If you’ve recently gained American citizenship, you may find applying for federal research funding overwhelming.
But experts say you can master the process by cultivating local contacts and asking for assistance with grant writing. There are four steps you should take.
1. Seek contacts at your institution
One of the main issues foreign-born PIs face is a lack of local contacts, says Jason Wagoner, Associate Director for Sponsored Programs at Upstate Medical University at the State University of New York.
Being unable to turn to colleagues for guidance and problem solving during the application process can make foreign born investigators feel lost and ultimately lead to rejected proposals.
That’s why you must be proactive in developing contacts, says Matthew Fenton, PhD, Chief of the Asthma, Allergy, and Inflammation Branch of the Division of Allergy, Immunology, and Transplantations, which is part of NIH’s National Institute of Allergy and Infectious Diseases.
To do this, Fenton suggests you:
- Knock on doors, and introduce yourself to fellow PIs. Engage them in conversations about their work, and tell them about your field of interest. Ask them about challenges they faced when applying for grants and how they over came
- Volun During your conversations, you may find an opportunity to assist a new acquaintance. For example, offer to give a presentation at a seminar she is sponsoring.
- Contact a grant officer at your institution, or visit your Office of Sponsored Explain the difficulty you’re having with the grant process. The staff there will be able to guide you and offer useful suggestions.
2. Look for opportunities to network
In addition to reaching out at your institution, Fenton suggests expanding your networking opportunities by traveling across the country.
Attend meetings and conferences in your field of interest and those related to it. You can find a list of all NIH sponsored events at http://calendar.nih.gov/app/MCal-SearchAdvance.aspx. From this page, you can narrow your search to events such as conferences, symposia or lectures.
Once you’re at a conference or symposium, work the room. Fenton recommends introducing yourself to as many people as possible and conversing with a wide variety of people.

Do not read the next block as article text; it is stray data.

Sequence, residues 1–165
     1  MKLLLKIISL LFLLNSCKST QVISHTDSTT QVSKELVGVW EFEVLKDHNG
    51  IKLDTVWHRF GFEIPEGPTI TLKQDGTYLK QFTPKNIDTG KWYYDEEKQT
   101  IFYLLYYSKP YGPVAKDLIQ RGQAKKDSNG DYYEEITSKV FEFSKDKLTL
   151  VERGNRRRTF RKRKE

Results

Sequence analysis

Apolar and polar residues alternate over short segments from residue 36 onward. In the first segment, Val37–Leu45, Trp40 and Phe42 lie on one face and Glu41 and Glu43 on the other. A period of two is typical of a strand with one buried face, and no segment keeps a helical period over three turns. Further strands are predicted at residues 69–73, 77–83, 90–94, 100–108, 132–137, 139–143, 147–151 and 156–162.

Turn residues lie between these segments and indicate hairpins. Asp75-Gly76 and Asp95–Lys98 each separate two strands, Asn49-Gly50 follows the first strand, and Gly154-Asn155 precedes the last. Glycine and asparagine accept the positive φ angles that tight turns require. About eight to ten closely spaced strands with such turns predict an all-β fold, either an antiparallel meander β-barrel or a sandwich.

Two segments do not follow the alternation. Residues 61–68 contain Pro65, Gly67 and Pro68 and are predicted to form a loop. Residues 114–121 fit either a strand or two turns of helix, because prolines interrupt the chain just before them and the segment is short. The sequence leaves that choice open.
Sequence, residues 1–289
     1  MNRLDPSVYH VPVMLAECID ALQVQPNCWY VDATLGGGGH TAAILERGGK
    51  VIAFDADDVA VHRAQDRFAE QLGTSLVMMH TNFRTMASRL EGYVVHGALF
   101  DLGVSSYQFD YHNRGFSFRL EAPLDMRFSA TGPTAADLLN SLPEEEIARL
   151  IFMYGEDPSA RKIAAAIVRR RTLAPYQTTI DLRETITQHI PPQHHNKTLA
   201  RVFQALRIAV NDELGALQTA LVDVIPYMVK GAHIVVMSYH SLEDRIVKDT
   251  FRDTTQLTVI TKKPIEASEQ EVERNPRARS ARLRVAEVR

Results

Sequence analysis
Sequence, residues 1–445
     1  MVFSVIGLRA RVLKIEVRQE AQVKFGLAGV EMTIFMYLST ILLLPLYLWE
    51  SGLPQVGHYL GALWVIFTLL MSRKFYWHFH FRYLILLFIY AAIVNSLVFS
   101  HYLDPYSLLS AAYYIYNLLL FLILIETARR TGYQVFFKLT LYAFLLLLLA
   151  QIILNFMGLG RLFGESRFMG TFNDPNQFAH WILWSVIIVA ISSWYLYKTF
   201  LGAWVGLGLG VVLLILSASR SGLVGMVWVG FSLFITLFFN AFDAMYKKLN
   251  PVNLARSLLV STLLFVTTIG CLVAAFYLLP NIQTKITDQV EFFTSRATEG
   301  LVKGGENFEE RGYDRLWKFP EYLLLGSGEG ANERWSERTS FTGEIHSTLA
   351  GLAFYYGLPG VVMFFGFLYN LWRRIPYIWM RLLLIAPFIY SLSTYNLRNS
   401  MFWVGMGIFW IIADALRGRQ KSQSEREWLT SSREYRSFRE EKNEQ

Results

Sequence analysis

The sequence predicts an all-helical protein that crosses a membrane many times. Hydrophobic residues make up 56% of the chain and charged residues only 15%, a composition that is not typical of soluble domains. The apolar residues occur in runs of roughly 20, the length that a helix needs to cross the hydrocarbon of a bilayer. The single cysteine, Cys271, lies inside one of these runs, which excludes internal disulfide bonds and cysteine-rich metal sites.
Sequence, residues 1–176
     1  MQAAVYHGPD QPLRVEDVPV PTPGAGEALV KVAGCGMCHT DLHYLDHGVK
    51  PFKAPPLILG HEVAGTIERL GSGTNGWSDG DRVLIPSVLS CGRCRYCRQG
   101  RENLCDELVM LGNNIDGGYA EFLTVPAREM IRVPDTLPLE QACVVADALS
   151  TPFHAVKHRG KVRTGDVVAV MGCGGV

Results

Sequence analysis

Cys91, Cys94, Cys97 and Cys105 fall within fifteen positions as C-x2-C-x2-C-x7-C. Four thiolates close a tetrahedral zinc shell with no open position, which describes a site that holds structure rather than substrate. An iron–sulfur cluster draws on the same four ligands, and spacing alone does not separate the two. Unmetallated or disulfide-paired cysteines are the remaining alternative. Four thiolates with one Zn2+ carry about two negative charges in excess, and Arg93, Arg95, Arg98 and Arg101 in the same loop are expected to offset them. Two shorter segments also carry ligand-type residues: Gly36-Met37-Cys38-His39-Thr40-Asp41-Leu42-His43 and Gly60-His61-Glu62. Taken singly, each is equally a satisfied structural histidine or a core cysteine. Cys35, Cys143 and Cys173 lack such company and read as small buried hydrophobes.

“If you are a Chinese-born scientist and you find yourself interacting only with other Chinese-born scientists, you’re doing something wrong,” Fenton says.
He also stresses the importance of recording contacts’ names and what you discussed so you can refer to it later.
3. Work on improving your English writing skills
Although some foreign-born American scientists may have minor problems speaking the English language, both Fenton and Wagoner agree that writing a grant that is appealing to reviewers is the bigger challenge.
“It’s language, but it’s also content,” Wagoner says. “There’s a large difference between writing something from a technical perspective and writing it so that it’s appealing to a potential investor or sponsor.”
After 17 years as a professor before joining NIH, Fenton believes most scientists who are new American citizens have perfectly good English skills. At the same time, he says the ability to read and speak English does not necessarily translate to good writing skills.
“The ability to develop a creative and novel scientific hypothesis and then test it is easier for many scientists than writing it down on paper in a concise and cogent manner that elicits excitement in the reader/reviewer,” Fenton says.
4. Seek out mentors
Having a good mentor is key to developing your writing skills. Consequently, Fenton suggests you:
- Look for mentors who can help you think through your research plan and then express it clearly in a grant proposal.
- Seek help from those with a track record of successful grant writing who would be willing to read and edit your draft grant applications.
Wagoner finds that institutions providing established mentoring programs for recruited foreign born American scientists work best. Check to see if yours provides someone you can consult with specific questions.